Picking up where the BBC’s The Girl left off, Sacha Gervasi’s Hitchcock promised to be an inside look at the making of the master of suspense’s seminal picture, Psycho. Now whilst it features an all star cast including Anthony Hopkins at the Hitch, Helen Mirren as his long loving wife, Alma and Scarlett Johansson as Janet Leigh (the star of Psycho) it doesn’t quite uphold it’s promise to be the cinephile’s look at the trials and tribulations behind making one of the best known and loved thrillers of all time. Instead, it’s a slightly bubblegum look at what could have happened, postulating on the ups and downs of Hitch’s marriage as well as his relationship with his stars. Whilst The Girl made him out to be a voyeuristic pervert, constantly torturing the blonde bombshells that he was famous for casting, Hitchcock supposes him to be a somewhat jovial British man who had broken America, had some quite surreal quirks but all round got the work done – pretty much thanks to his wife, Alma.
Now this doesn’t mean that Hitchcock wasn’t an enjoyable film – far from it actually, but rather it isn’t the biopic that film fans across the land were expecting – truly delving deep under the layers of Hitch and trying to work out what made him tick. The film is based upon the book, Alfred Hitchcock and the Making of Psycho by Stephen Rebello, which detailed the aspects behind making the film from the acquisition of the original novel by Robert Bloch to remortgaging his house, dealing with this new actress, Janet Leigh and finally, getting the film into the cinemas making sure both himself and the censorship authorities were happy with the levels of violence and suspense. Whilst, I haven’t read the book, I am sure from what I have learnt that it is mostly based upon fact, but whatever from the book made it’s way into the film, seems somewhat irrelevant now because ultimately it feels like a fairytale.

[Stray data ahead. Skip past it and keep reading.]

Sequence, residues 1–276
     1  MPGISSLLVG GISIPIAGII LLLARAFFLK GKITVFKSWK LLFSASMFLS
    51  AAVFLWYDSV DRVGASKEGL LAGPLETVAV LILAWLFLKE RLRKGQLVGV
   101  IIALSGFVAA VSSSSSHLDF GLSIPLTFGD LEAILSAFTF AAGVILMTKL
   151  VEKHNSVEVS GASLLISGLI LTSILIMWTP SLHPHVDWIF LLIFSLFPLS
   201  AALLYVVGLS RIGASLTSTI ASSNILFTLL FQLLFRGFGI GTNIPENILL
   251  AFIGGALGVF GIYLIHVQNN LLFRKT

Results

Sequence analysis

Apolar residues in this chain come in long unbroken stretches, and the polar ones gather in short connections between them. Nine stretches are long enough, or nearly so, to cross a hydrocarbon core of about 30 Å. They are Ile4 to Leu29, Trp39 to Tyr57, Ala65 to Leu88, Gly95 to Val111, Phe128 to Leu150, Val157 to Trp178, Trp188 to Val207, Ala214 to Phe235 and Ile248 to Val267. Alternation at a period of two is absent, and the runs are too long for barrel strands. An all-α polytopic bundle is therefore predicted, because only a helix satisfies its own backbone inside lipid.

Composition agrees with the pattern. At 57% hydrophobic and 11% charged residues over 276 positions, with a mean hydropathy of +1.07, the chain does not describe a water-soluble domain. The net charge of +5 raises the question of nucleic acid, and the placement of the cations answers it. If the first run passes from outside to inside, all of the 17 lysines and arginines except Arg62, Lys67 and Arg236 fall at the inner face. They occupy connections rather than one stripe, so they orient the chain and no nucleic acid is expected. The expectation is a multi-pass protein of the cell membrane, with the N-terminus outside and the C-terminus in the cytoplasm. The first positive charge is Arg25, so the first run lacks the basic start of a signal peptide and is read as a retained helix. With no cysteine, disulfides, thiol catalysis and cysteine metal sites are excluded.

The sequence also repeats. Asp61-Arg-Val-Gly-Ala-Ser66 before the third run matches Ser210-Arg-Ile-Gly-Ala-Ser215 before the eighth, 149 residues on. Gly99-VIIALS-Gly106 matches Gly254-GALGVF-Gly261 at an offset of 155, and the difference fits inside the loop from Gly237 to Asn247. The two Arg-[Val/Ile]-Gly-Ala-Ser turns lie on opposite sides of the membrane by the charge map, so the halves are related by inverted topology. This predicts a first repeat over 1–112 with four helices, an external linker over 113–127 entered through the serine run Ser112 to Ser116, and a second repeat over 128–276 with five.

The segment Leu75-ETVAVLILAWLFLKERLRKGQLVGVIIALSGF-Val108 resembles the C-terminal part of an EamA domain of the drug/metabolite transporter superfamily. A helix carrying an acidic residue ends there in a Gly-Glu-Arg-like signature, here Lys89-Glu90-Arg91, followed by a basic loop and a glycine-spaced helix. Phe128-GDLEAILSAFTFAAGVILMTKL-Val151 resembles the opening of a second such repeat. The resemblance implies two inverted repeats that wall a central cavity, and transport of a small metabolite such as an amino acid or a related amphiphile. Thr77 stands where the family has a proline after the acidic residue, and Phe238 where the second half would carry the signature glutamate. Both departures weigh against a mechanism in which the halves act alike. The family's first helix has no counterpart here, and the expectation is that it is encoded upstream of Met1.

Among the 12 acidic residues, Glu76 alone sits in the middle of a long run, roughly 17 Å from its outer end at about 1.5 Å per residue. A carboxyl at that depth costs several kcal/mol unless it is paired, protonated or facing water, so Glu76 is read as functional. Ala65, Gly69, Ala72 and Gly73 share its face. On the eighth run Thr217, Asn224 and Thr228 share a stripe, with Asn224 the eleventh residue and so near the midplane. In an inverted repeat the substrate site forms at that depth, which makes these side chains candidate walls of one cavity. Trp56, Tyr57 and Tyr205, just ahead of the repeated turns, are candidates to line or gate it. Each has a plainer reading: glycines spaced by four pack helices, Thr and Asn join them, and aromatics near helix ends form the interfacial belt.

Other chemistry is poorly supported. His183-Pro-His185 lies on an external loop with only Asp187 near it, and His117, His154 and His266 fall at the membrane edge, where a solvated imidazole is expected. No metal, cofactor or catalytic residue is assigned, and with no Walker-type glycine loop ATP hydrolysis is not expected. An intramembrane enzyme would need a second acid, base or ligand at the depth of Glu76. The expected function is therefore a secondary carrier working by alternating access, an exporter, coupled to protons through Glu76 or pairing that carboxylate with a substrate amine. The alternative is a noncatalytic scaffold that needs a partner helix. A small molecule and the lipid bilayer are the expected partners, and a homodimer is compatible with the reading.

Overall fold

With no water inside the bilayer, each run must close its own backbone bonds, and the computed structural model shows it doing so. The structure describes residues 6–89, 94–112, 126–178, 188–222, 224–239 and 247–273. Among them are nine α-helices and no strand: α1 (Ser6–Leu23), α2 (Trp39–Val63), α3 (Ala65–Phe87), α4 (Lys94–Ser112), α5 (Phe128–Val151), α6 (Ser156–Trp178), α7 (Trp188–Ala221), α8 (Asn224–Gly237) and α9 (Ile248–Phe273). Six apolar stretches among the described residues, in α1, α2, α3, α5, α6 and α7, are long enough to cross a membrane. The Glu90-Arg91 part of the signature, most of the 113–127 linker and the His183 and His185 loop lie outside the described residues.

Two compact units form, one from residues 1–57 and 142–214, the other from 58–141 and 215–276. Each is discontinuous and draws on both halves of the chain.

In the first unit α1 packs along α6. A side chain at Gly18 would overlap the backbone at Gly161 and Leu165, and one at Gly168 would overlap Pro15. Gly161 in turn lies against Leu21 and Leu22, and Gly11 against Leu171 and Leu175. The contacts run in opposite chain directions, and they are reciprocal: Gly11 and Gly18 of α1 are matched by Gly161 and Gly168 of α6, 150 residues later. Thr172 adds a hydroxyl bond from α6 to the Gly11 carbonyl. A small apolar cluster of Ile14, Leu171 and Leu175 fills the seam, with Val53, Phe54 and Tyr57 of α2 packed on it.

What Hitchcock has hugely in it’s advantage is the stunning array of acting talent; ranging from Anthony Hopkins who dons a fat suit to play the director to Helen Mirren playing Alma Reville. Hopkins has masterfully become Hitch in such a way, which virtually renders him unrecognisable; he walks, talks and moves in a way that I have only seen from the real Hitch himself on YouTube videos. It’s odd to believe that over 20 years ago, this same actor played Hannibal Lecter. The advertising for the film has been very clever to mimic the original images of Hitch, viewed from side on to help the audience reminisce over the director and bring back those memories from his outstanding career. What really drives this film though, is the award nominated performance by Helen Mirren who manages to ground the film in some sort of emotional reality. Whilst the rest of the film is somewhat coated in easy to understand chunks, Mirren outshines the rest of the cast by really portraying a woman stuck in the middle of wanting to lead her own life and wanting to stand by (and behind) her husband. Whilst, she ultimately wants to make a name for herself (and continued to, whilst working with her husband), she finds herself working closely with Whitfield Cook (Danny Huston) who needs help on his own screenplay; the two grow close and Cook does make some advances but Alma isn’t interested – there is only one man for her in her life.